by Robert Ferringo - 05/31/2006
One of the first things you learn in Little League - before you know to tag up on a fly ball or hit the cut-off man - is that the Umpire's are Pure Evil. They suck. They are blind and they need your glasses. They don't know the rules and they cheat. They are getting paid by the other team.
Here I am, 20 years later, and my opinion of umpires hasn't changed all that much.
There is certainly money to be made betting on Major League Baseball. But to rake the dough you have to be a quality player, not a guesser. And what separates a quality player from a reckless, I-bet-the-Mariners-everyday-because-they-are-My-Team bettor is the ability to consider and correctly assess the intangibles.
The weather. The ballpark. The starting pitcher. Whether or not the right fielder is involved in a paternity suit or whether the rookie catcher speaks English. These all get filed under "Intangibles". But one of the most oft-overlooked aspects of a baseball game is also one of the most basic: who is calling balls and strikes?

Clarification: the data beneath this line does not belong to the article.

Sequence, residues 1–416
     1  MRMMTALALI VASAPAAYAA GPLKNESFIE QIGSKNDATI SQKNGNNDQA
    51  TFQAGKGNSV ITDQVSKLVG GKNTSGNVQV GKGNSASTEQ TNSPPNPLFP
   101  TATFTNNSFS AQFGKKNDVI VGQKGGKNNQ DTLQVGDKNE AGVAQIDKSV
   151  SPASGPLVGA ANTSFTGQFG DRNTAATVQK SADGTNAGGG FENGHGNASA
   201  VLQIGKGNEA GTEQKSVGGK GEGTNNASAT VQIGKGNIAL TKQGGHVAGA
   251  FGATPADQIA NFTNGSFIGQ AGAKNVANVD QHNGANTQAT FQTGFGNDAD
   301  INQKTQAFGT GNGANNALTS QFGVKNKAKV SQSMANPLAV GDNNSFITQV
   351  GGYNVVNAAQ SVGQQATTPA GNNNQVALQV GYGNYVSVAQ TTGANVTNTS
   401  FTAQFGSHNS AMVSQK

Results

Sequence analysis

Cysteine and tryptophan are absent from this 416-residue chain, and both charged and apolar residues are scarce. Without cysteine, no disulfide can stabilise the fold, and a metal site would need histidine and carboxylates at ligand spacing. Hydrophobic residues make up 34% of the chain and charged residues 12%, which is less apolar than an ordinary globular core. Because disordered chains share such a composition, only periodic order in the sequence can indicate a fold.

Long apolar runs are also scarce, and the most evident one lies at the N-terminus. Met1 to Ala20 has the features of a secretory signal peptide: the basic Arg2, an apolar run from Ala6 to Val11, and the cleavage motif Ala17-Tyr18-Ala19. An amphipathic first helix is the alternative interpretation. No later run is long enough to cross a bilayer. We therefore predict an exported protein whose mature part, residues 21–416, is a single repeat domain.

Umpires are an influential aspect of any baseball game. The roots of the sport are pre-industrial and agrarian, so it exists without any technological regulation. There is no shot clock. There is no instant replay. The game is monitored and supervised at the whim of bald, overweight, overpaid, sociopathic, dog-kicking, gay-bashing, white men who are afraid of the dark.
But while I stereotype umpires, there are actually many different kinds. There are Over umpires, Under umpires, Home Team umpires, Birthday umpires, Bar Mitzvah umpires, etc. No one can be certain if their tendencies are rooted in some psychological, subconscious bias, but the results speak for themselves (see below).
The umpire who is behind the plate has the most direct influence. Determining who wears the pads in the opener of a series is usually a Mission Impossible scenario. The home plate ump isn't posted until less than an hour before the first pitch, which begets nail-biting and last-minute wagering.